Arrays of cameras and networked appliances in use at Amazon Go Photo Credit: TechCrunch

When executed correctly, Passive Scan & Go is a more seamless and elegant solution. However, some hurdles exist before widespread adoption becomes feasible. Passive Scan & Go is complex technology which has only been proven out in small-format stores and is vulnerable to significant technical speed bumps related to privacy, crowd tracking, and misattribution.  Passive Scan & Go also requires heavy investments in the technology and a retrofit of the store. Despite these drawbacks, Passive Scan & Go is growing in popularity especially at airport and stadium stores, C-stores, and neighborhood markets. Passive Scan & Go vendors compete directly with Amazon, as the retail behemoth has begun licensing its “Just Walk Out” technology to outside parties.

The Future for Scan & Go is Bright

The appeal of Scan & Go is very evident for retailers, especially now. Customer-driven check-out reduces labor requirements and potentially reduces overall headcount. Reducing checkout time also increases customer throughput and satisfaction and reduces in-store crowding. The data collected from Scan & Go is also very useful: shopper path tracking can help retailers improve their planograms, signage, and targeted promotions as customers navigate the store, and product tracking can improve inventory visibility. Providers are improving anti-theft capabilities, a big hurdle for expansion to higher price-point categories. Some providers are pioneering new security innovations, for example, upstart Mishipay offers mobile-based Scan & Go with a patent-pending RFID tag system, making it a more secure option for apparel and consumer tech retailers. However, all these benefits hinge on shoppers actually using the technology. In an increasingly tech-driven and on-the-go world, the retailers and solution providers who make the shopping experience seamless, efficient, and enjoyable will win the day.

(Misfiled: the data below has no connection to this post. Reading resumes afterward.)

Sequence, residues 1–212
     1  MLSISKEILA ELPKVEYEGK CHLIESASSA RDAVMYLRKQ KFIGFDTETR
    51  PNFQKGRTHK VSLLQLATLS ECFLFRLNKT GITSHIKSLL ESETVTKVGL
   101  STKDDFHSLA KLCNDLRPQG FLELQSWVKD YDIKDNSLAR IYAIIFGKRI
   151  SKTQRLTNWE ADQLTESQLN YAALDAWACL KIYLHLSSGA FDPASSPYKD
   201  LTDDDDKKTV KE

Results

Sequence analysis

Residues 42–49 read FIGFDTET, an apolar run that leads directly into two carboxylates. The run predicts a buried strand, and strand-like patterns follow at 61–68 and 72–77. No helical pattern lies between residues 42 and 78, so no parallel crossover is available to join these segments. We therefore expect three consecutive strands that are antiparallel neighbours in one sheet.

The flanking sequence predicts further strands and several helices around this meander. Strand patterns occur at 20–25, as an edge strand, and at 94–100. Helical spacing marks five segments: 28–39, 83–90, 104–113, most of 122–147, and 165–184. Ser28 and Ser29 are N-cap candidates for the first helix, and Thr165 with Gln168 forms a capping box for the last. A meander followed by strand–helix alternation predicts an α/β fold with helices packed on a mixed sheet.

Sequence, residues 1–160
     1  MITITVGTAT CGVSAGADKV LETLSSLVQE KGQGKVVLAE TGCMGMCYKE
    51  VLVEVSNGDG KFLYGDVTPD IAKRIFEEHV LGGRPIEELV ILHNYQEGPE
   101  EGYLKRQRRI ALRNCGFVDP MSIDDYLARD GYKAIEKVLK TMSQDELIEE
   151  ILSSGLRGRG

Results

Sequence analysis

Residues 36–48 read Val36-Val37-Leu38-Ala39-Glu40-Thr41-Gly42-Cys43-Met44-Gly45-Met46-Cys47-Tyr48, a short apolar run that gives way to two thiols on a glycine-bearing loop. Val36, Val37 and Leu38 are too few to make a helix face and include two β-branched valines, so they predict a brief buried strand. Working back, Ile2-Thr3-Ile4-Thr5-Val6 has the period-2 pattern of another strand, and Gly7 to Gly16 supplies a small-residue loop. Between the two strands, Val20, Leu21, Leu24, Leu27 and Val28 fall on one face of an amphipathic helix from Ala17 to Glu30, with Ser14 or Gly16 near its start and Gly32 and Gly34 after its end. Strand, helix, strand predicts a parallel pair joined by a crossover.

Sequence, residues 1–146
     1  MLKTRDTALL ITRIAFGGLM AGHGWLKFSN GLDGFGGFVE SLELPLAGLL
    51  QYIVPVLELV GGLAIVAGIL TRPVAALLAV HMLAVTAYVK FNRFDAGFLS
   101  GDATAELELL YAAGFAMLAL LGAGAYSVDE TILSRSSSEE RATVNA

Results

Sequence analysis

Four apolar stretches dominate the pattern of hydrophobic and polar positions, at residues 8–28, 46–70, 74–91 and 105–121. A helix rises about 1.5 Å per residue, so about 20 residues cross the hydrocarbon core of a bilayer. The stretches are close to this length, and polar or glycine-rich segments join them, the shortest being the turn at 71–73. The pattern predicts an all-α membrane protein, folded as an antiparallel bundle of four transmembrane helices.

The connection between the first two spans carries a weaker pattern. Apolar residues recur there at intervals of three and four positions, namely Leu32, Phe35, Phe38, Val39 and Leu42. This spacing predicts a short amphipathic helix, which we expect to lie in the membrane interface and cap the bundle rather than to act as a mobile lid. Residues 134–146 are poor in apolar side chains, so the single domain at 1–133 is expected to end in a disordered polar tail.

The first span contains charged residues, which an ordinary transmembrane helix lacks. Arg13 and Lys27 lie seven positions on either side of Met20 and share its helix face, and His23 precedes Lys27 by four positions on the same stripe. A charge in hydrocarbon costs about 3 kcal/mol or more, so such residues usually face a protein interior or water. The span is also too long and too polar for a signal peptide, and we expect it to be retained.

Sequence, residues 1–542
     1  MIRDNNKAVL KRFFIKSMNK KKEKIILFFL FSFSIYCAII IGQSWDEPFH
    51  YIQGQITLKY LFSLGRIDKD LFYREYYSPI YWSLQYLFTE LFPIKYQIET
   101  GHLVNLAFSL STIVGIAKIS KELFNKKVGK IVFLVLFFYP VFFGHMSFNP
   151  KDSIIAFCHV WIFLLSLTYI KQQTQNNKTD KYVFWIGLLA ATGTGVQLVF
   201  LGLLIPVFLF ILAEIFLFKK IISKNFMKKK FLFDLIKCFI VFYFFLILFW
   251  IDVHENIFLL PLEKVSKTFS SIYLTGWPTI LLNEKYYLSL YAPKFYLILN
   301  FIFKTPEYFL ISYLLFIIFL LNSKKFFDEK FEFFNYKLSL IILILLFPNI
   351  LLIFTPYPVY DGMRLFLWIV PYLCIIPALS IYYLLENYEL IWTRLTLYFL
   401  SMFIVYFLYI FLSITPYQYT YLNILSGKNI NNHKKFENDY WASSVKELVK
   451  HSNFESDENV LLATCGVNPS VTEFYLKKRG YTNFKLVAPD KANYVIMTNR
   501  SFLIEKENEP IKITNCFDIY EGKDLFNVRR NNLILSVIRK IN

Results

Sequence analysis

With growing experience and technology improvements, Scan & Go is poised to enter new retailers and new categories, changing the way consumers shop long after the pandemic. At baseline, Scan & Go of any variety should reduce or eliminate checkout time and create a contactless checkout experience. However, best-in-class Scan & Go will simplify and personalize each user’s experience with innovations like personalized product recommendations, recipes, shopping lists, promotions, and seamless integration to E-commerce shopping.  Offering clear benefits for both retailers and customers, Scan & Go adoption may represent a rare win-win in today’s challenging retail environment.

Identify the Scan & Go Solution that is Right for Your Business

Scan & Go is a promising technology whose consumer and retailer adoption has been accelerated by the pandemic.  There are myriad benefits Scan & Go technology affords retailers, and there has never been a better time to implement these solutions in stores.  For advice or whether a Scan & Go solution may be right for your needs, simply contact us. We are happy to help you assess the right solution to positively impact your business.

Emerson Delgado

Emerson leads McMillanDoolittle projects from start to completion, working collaboratively with client and internal stakeholders on strategic growth planning, digital transformation, consumer insights, and operational implementation initiatives.